Morphine and its cousins

 

Quinine

The term ‘alkaloids’ may be unfamiliar to most of us but if I start naming some examples which fall into this group of ‘nitrogenous bases secondary metabolites’, you will know what I mean. nicotine2 Some of the big names include morphine, quinine, strychnine, nicotine etc. basically a continuous list of –ine’s. The thing to note is that though the alkaloids were attributed to pharmacologically active bases derived from plants however, animals (including us!), insects and microbes also produce them.

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Debunking vitamin C

So, I’m sure many of us have seen the advertisement packaging for supposedly healthy drinks. One of most popularised is vitamin C. I don’t know about you but when I was growing up, I associated vitamin C with oranges and how they prevent scurvy (as told by parents to ensure I was receiving my 5 a day). So what makes this chemical so important?

Well, it turns out, Vitamin C is a vitamin (duh) which is able to dissolve in water and has the chemical formula of C6 H8 O6. The molecular structure of vitamin C is seen in the diagram below:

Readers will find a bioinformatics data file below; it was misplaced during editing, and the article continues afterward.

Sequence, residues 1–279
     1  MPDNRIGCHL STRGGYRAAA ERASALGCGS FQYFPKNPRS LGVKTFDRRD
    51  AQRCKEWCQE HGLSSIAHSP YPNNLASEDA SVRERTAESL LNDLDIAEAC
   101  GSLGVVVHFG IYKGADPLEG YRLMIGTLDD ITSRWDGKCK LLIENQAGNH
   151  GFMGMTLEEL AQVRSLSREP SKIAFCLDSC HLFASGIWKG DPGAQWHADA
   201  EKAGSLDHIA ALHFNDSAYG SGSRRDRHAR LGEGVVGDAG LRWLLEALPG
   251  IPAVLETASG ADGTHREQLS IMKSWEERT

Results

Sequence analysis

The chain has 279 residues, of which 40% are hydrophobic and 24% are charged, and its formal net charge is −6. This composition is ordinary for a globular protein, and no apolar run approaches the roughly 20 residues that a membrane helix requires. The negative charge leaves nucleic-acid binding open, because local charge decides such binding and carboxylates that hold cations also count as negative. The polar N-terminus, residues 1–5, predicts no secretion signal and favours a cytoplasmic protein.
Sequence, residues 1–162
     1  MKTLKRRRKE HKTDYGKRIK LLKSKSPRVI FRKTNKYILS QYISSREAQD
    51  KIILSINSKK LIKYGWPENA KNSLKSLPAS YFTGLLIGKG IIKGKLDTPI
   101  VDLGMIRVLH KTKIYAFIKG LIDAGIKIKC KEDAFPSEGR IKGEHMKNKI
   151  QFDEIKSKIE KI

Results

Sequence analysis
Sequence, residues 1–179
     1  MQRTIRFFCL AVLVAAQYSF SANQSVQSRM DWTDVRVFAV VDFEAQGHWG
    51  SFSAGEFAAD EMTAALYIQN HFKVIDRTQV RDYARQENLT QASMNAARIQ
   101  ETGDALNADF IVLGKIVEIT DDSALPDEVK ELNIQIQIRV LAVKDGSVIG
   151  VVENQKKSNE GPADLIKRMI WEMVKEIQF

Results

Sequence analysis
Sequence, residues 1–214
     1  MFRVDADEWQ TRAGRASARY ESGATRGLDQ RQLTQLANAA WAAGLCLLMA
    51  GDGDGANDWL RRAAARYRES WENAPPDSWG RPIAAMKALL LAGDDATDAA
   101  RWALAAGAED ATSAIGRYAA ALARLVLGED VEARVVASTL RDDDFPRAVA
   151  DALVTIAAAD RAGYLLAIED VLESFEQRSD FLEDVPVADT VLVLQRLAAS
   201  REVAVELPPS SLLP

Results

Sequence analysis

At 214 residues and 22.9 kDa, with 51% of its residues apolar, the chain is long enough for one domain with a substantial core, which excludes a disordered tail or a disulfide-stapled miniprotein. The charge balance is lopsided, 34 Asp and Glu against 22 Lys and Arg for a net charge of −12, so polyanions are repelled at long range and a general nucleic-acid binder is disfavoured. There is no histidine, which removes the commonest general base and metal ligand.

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Exciting enzymes?

So…I haven’t written a sole biology blog post in such a long time so I thought I would share some of the knowledge covered in class, more specifically on exciting enzymes.


Enzymes are biological catalysts made by living organisms which speed up chemical reactions. Each cell in our bodies is like a factory, constantly using up raw materials to turn them into useful products and also resulting in waste products. These reactions are usually slow if unaided by either heat or enzymes. This can be annoying in everyday life, for example, delayed respiration rates which rely heavily on enzymes. The food we eat in turn become the energy we use (vastly simplified). Continue reading

On Alcohols – Some High School level Chemistry

Alcohols are organic chemical compounds that consist of a hydroxyl group (-OH) attached to one or more carbon atoms within an alkane structure. Alcohols are a homologous series and have the general formula of CnH2n+1OH.

Examples of common alcohols include:

 

The OH attached within the alcohols result in higher melting and boiling points than expected for a compound of similar molecular mass. The hydroxyl group is a form of hydrogen bonding which is the strongest intermolecular force and gives rise to their stronger structure. This strong molecular structure takes more energy to break than the ones in compounds that are held together by London Dispersion Forces (weakest intermolecular force) or Permanent Dipole-Permanent Dipole attractions. Continue reading